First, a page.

Allthenticate has raised a little over $3 million in seed funding. More specifically, the company raised $3,133,337, a play on so-called ‘hacker speak’ in which the number 1337 is used to represent a slang version of the word “elite”.
The startup has been starting to get some attention for its eponymous ‘Allthenticate’ solution for enterprise access. Essentially, its aim is to let employees access doors and their work terminals all through the same, easy-to-use mobile app.
The solution was showcased by both of Allthenticate’s co-founders at this year’s ISC West event in Las Vegas, where COO Rita Mounir introduced FindBiometrics’ Doug OGorden to the ‘ReaderX’ mobile access terminal. In a separate interview, CEO Chad Spensky spoke in-depth about the solution and demonstrated how it could even be used to secure access to a light bulb.
Allthenticate’s efforts to raise the profile of its enterprise solution have evidently helped the company to capture the attention of investors. Its seed funding round featured contributions from Amplify and Ping Identity, and was led by Silverton Partners.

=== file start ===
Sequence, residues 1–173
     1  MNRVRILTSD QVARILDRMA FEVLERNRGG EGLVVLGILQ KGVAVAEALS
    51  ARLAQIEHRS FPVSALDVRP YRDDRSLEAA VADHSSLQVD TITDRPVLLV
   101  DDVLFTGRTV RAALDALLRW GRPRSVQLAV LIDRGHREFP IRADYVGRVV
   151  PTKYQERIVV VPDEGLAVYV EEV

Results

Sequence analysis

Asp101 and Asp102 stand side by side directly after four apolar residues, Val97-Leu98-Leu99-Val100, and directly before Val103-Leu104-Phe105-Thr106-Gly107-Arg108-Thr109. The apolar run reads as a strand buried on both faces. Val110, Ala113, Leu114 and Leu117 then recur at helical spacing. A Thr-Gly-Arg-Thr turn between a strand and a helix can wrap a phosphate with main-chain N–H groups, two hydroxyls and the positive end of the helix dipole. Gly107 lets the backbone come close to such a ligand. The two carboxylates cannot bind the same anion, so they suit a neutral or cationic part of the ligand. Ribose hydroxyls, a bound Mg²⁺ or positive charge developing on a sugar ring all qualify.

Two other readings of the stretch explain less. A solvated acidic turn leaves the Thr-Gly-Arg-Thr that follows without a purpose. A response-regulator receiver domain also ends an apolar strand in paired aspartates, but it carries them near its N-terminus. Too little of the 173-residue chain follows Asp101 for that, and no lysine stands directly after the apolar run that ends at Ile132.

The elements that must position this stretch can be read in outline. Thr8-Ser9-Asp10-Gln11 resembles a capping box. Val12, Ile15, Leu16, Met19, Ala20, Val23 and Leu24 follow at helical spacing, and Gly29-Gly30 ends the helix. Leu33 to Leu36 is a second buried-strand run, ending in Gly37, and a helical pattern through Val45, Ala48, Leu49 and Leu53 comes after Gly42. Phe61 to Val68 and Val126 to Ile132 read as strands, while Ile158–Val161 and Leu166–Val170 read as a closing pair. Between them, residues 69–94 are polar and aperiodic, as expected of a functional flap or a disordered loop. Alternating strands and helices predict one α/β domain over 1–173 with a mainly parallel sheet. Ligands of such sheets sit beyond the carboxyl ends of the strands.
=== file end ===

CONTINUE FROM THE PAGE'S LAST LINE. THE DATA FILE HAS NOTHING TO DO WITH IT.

“Silverton has a long history of working with leaders who have pushed boundaries in identity, governance, and access management,” explained Silverton Managing Partner Morgan Flager in a statement announcing the funding round. “Upon meeting Chad and Rita, we recognized Allthenticate’s technology as having the potential to be paradigm-shifting for the industry. What the team has accomplished with modest financial resources to date is impressive.”
The investment funding is particularly notable for materializing at a time of serious market uncertainty. As detailed in a recent ID Tech column, private market funding has slowed to a trickle in the first part of 2022 amid the broader tech selloff, and many expect venture capitalists to adopt more discriminating and discerning attitudes when considering their investments going forward.
For its part, Allthenticate’s MIT background has likely helped to make the company’s case. The startup says its core technology was originally developed for the Department of Defense during Spensky’s tenure at the MIT Lincoln Laboratory.